Race Weekend Central

Full Throttle: So What’s with All These Changes?

As is customary during the annual NASCAR Media Tour, Brian France appeared before the media to give his annual State of the Sport address. After extolling the success of the 2015 season, from increased fan attendance to the wild success of the latest iteration of the Chase, he turned his attention to the 2016 season. A significant part of the portion devoted to this coming year is the addition of a Chase-style playoff format to both of the national support series, heat race qualifying for the Dash 4 Cash XFINITY Series races and an experimental caution clock for the Camping World Truck Series.

Depending on the side of the fence where a fan resides — and there are many sides to the Chase-era fence — they either subscribe to France’s vision of the sport’s success or feel as though he is living in an alternate universe where he sees racing that they do not. For the fans who are on board, they believe that the racing is great and there are nothing but good things on the horizon. For those who feel the wheel man at the head of the sport has lost his compass, this is just another nail in the coffin that will house the remains of their beloved sport in the not-too-distant future.

The Chase is France’s baby, and he continues to nurture it with everything he can muster. A large portion of his argument for including it in Trucks and XFINITY is getting drivers ready to compete in that playoff format when they get to the Cup Series. He also cited survey results that indicate a majority of fans and competitors like the playoff style rather than a historical, season-long champion. That data encourages NASCAR to change the championship format for two series that have had title battles come down to the final race of the season for the majority of the last decade.

One interesting twist for the XFINITY Series is that the Dash 4 Cash will be back in 2016. That program is a race within a race where the top-finishing XFINITY Series regular who is qualified for the Dash in that given race wins $100,000. There are four Dash 4 Cash races throughout the season: Bristol, Richmond, Dover and Indianapolis. Unlike previous years where the drivers qualify for the Dash in one race by their finish in the previous Dash race, this year there will be two heat races that determine the starting positions on the inside and outside rows for the race. The top four qualifiers from the heats (first and second from each heat) will be the drivers eligible for the $100,000 bonus in the given race. The end result is four drivers who have shown they are capable of running up front on a given race day at the track will be battling it out for the oversized check.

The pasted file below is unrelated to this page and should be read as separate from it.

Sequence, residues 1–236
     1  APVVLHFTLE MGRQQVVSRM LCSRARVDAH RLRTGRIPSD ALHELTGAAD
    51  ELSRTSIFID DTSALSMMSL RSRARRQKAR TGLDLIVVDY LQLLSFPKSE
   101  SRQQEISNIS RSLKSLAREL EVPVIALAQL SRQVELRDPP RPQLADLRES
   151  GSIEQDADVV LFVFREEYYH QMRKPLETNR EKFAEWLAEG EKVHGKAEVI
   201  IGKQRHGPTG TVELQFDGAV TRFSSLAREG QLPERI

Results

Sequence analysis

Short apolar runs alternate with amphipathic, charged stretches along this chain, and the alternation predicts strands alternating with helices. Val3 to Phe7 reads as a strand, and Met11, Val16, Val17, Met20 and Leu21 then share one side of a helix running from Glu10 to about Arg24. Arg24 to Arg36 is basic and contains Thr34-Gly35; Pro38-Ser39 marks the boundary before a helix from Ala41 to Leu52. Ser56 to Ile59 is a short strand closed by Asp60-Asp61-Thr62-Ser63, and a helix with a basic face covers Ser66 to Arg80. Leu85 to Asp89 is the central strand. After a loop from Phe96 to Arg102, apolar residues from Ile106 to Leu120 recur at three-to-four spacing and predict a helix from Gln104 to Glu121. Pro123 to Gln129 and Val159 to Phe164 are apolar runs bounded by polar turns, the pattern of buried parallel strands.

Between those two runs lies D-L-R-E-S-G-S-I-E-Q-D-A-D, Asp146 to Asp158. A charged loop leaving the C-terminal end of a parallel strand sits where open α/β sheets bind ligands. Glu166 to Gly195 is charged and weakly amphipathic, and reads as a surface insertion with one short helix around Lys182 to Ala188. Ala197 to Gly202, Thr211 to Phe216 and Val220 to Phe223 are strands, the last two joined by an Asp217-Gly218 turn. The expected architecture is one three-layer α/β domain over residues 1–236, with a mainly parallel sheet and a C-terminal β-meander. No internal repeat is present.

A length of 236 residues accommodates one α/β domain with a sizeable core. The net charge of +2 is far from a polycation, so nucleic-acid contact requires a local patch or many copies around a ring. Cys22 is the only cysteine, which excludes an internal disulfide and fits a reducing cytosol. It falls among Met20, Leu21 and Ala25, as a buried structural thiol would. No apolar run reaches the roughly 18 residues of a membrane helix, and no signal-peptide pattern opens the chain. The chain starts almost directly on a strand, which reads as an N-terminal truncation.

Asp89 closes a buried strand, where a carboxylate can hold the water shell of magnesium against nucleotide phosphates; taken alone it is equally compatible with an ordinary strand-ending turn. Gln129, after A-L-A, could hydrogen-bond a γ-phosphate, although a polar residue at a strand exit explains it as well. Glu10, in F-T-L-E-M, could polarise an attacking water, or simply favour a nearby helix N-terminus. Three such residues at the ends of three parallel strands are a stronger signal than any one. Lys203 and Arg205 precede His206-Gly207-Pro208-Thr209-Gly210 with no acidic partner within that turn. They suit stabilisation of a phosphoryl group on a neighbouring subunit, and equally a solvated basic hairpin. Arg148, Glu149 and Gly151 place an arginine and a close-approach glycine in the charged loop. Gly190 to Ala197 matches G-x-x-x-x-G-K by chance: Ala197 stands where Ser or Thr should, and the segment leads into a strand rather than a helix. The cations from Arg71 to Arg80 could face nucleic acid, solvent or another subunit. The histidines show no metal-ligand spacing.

The Truck Series will have its own unique twist this season with the addition of a caution clock. When a green flag flies during an event, a clock will begin. If the race stays green until the clock hits the 20-minute mark, a caution flag will be displayed. There won’t be any long, strung-out green-flag runs as a result; the teams will be ensured more opportunities to tune in their cars and it will also keep more cars on the lead lap.

There’s no question that both of these tweaks are designed to gauge their success and popularity with the fans. NASCAR continues to try and play around with qualifying to make it more appealing to fans. The addition of heat races now gives fans more bang for their buck and would also give race tracks a chance to provide more Cup experience during a weekend. Heat races on Saturday with the feature on Sunday will certainly increase the total gate for venues.

Also, the caution clock will eliminate a serious credibility issue for NASCAR. As recent as the end of the race in Homestead last season, a caution that was questionable, at least in some fans eyes, dictated the finish of the race. By having scheduled cautions there isn’t a need for the mystery debris caution when there is a long green run that results in 10 cars on the lead lap. The only drawback is that green flag pitstops will almost certainly become a thing of the past unless there is a car issue.

NASCAR continues to try to alter its product to draw more fans into the stands. It doesn’t always succeed, but it doesn’t always fail either. The hardcore fan base of the ’80s and ’90s is aging. The new millenial demographic does not have the love affair with the automobile that the older generations did. The short attention span, video-game generation seeks technological stimulation and constant action.

Will the changes succeed? Only time will tell. One thing is for sure: It is a fork in the road that is less traveled, and it may lead to nowhere or it may lead to the promised land.

About the author

What is it that Mike Neff doesn’t do? The writer, radio contributor and racetrack announcer coordinates the site’s local short track coverage, hitting up Saturday Night Specials across the country while tracking the sport’s future racing stars. The writer for our signature Cup post-race column, Thinkin’ Out Loud (Mondays) also sits down with Cup crew chiefs to talk shop every Friday with Tech Talk. Mike announces several shows each year for the Good Guys Rod and Custom Association. He also pops up everywhere from PRN Pit Reporters and the Press Box with Alan Smothers to SIRIUS XM Radio. He has announced at tracks all over the Southeast, starting at Millbridge Speedway. He's also announced at East Lincoln Speedway, Concord Speedway, Tri-County Speedway, Caraway Speedway, and Charlotte Motor Speedway.